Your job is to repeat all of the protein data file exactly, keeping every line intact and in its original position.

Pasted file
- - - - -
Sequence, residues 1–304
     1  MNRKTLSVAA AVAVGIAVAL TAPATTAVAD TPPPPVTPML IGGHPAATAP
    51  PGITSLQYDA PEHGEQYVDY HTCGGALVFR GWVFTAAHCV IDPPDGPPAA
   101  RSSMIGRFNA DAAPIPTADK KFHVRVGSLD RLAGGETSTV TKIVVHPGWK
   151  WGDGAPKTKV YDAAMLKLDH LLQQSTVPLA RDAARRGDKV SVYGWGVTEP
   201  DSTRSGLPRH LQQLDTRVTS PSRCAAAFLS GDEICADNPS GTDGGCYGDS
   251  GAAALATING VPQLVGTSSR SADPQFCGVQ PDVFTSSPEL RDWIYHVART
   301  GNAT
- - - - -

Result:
Sequence, residues 1–304
     1  MNRKTLSVAA AVAVGIAVAL TAPATTAVAD TPPPPVTPML IGGHPAATAP
    51  PGITSLQYDA PEHGEQYVDY HTCGGALVFR GWVFTAAHCV IDPPDGPPAA
   101  RSSMIGRFNA DAAPIPTADK KFHVRVGSLD RLAGGETSTV TKIVVHPGWK
   151  WGDGAPKTKV YDAAMLKLDH LLQQSTVPLA RDAARRGDKV SVYGWGVTEP
   201  DSTRSGLPRH LQQLDTRVTS PSRCAAAFLS GDEICADNPS GTDGGCYGDS
   251  GAAALATING VPQLVGTSSR SADPQFCGVQ PDVFTSSPEL RDWIYHVART
   301  GNAT